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Health Information Center

Talking to Your Doctor About Heart Failure

  • Michelle Badash, MS
Publication Type:

Condition InDepth

Talking to Your Doctor About Heart Failure

You have your own health history. It is key to talk with your doctor about your risk factors and experience with heart failure. By talking openly and regularly with your doctor, you can take an active role in your care.

General Tips for Gathering Information

Here are some tips that will make it easier for you to talk to your doctor:

  • Bring someone else with you. It helps to have another person hear what is said and think of questions to ask.
  • Write out your questions ahead of time so you do not forget them.
  • Write down the answers you get. Make sure you understand what you are hearing. Ask the doctor again if you are having trouble understanding what they say.
  • Do not be afraid to ask your questions or ask where you can find more information about heart failure. You have a right to know.

Specific Questions to Ask Your Doctor

The following are some suggested questions to discuss with your doctor, recommended by the American Heart Association:

About Heart Failure

  • What is my diagnosis?
  • Is the heart failure mild, moderate, or severe?

About Your Risk of Heart Failure

  • Am I or is anyone in my family at risk for heart failure?
  • What can I do to prevent heart failure?

About Treatment Options

  • What are the treatment options for this?
  • What side effects are caused by this treatment?
  • What is likely to happen without treatment?
  • Are there any alternative or complementary therapies that will help me?

About Medication

  • What medicines are available to me?
    • Are there any medicines, in particular, that would be good for me to take?
    • What are the side effects of these medicines?
    • What should be done if I have any side effects?
    • Will these medicines interact with other medicines, over the counter products, or dietary or herbal supplements that I am already taking?
  • What is the name of the medicine? Is this the brand or generic name? Does it matter which one is used?
  • What is the medicine supposed to do?
  • How and when should it be taken—and for how long?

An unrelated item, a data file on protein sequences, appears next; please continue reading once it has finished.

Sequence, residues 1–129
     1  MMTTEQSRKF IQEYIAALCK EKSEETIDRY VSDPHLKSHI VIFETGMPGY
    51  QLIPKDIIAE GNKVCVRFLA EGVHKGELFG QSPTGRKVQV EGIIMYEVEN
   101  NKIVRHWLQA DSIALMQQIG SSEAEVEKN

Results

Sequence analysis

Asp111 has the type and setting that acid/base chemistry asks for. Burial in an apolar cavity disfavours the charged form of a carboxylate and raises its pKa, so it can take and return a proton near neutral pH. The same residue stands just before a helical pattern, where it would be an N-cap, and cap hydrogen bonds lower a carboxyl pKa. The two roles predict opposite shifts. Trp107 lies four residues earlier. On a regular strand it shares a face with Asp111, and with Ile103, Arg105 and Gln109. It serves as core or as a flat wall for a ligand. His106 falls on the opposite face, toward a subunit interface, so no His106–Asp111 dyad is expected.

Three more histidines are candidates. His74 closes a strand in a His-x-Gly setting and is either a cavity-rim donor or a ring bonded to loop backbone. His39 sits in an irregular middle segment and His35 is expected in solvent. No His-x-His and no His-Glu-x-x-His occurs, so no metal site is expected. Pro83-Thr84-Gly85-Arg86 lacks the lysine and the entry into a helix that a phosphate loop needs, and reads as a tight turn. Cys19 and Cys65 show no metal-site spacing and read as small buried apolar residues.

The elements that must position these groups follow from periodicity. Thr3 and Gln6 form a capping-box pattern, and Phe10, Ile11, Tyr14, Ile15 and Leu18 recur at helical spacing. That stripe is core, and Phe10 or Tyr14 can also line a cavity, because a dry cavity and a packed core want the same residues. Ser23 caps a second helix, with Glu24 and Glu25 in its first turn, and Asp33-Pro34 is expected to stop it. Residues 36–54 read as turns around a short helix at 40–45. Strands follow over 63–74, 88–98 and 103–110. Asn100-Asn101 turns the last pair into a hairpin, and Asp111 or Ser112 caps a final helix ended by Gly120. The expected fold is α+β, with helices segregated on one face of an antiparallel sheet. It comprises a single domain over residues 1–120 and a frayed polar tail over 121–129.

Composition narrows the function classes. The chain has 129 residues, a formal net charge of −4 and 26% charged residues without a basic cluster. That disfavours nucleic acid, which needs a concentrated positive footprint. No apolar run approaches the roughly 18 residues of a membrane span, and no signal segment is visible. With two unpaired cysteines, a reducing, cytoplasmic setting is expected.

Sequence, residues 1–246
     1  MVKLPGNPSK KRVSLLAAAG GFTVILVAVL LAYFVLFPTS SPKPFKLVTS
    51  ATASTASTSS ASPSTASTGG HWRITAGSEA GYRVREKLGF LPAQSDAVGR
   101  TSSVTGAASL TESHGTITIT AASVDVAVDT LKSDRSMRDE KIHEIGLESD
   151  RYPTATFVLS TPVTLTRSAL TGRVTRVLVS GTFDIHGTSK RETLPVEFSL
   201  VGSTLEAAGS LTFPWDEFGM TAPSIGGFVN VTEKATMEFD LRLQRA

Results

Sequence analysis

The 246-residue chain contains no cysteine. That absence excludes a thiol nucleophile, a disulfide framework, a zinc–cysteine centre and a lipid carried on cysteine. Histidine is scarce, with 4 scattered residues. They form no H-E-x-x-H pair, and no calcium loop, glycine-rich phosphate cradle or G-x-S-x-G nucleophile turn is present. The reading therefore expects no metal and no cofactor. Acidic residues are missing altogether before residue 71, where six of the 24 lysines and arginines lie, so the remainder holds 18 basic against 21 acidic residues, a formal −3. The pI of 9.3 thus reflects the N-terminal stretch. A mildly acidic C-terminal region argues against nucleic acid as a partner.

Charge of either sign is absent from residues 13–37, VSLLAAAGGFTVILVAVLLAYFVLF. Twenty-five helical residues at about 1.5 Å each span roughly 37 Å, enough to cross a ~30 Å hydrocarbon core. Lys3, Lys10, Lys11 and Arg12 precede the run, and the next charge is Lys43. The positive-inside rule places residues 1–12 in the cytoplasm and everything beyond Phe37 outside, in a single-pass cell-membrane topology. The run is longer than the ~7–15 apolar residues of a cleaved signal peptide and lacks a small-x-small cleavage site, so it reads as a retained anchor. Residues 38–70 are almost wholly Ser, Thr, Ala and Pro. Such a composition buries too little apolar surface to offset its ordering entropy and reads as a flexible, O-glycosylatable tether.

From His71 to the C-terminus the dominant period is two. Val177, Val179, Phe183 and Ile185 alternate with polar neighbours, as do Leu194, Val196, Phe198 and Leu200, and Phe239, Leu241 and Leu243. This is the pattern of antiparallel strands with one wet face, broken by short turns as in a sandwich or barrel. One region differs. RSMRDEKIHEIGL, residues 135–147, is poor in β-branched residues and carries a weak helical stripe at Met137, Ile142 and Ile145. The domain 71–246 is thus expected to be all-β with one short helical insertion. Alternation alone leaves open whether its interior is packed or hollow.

• What foods, drinks, and other medicines should be avoided while taking this medicine?
  • Is any written information available about the medicine?
  • If a certain medicine is causing side effects that are hard to deal with, is there some way to minimize those side effects? Is there another equally good medicine available?

About Lifestyle Changes

  • What are some specific ways that daily life will change?
  • Can I still work, play golf, have sex, do the laundry? Be sure to ask about any specific activity that you have in mind.
  • What strategies have other people found useful for motivating themselves to:
    • Eat better?
    • Exercise?
    • Stop smoking?
  • If I make these changes, how will they help me?
  • Will these changes cure my heart failure?

About Outlook

  • Should I see a specialist?
  • What should we expect within the next few weeks, months, and years?
  • Would a support group help me? If so, can you suggest one?
  • Will I need a cardiac rehabilitation program?
  • What is the likely progression of the condition?
  • What are the biggest things we can do to manage this condition?


  • Heart failure questions to ask your doctor. American Heart Association website. Available at: https://www.heart.org/en/health-topics/heart-failure/heart-failure-tools-resources/heart-failure-questions-to-ask-your-doctor.
  • Heart failure with reduced ejection fraction. EBSCO DynaMed website. Available at: https://www.dynamed.com/condition/heart-failure-with-reduced-ejection-fraction.
  • Tips for talking to your doctor. Family Doctor—American Academy of Family Physicians website. Available at: https://familydoctor.org/tips-for-talking-to-your-doctor.


  • Michael J. Fucci, DO, FACC
Last Updated:

This content is reviewed regularly and is updated when new and relevant evidence is made available. This information is neither intended nor implied to be a substitute for professional medical advice. Always seek the advice of your physician or other qualified health provider prior to starting any new treatment or with questions regarding a medical condition.